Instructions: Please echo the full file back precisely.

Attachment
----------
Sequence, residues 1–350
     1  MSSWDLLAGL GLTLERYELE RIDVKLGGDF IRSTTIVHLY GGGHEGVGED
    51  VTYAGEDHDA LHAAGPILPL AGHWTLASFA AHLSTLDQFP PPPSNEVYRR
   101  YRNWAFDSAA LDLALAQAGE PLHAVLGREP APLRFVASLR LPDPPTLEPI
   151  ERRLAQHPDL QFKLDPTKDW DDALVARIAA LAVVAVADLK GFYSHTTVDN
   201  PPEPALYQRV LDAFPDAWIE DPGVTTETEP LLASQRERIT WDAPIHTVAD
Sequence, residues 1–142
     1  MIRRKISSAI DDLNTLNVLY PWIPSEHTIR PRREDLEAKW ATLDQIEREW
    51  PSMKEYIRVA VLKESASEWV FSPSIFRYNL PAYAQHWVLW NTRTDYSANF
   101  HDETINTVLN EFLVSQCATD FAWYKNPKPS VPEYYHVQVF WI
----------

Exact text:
Sequence, residues 1–350
     1  MSSWDLLAGL GLTLERYELE RIDVKLGGDF IRSTTIVHLY GGGHEGVGED
    51  VTYAGEDHDA LHAAGPILPL AGHWTLASFA AHLSTLDQFP PPPSNEVYRR
   101  YRNWAFDSAA LDLALAQAGE PLHAVLGREP APLRFVASLR LPDPPTLEPI
   151  ERRLAQHPDL QFKLDPTKDW DDALVARIAA LAVVAVADLK GFYSHTTVDN
   201  PPEPALYQRV LDAFPDAWIE DPGVTTETEP LLASQRERIT WDAPIHTVAD
Sequence, residues 1–142
     1  MIRRKISSAI DDLNTLNVLY PWIPSEHTIR PRREDLEAKW ATLDQIEREW
    51  PSMKEYIRVA VLKESASEWV FSPSIFRYNL PAYAQHWVLW NTRTDYSANF
   101  HDETINTVLN EFLVSQCATD FAWYKNPKPS VPEYYHVQVF WI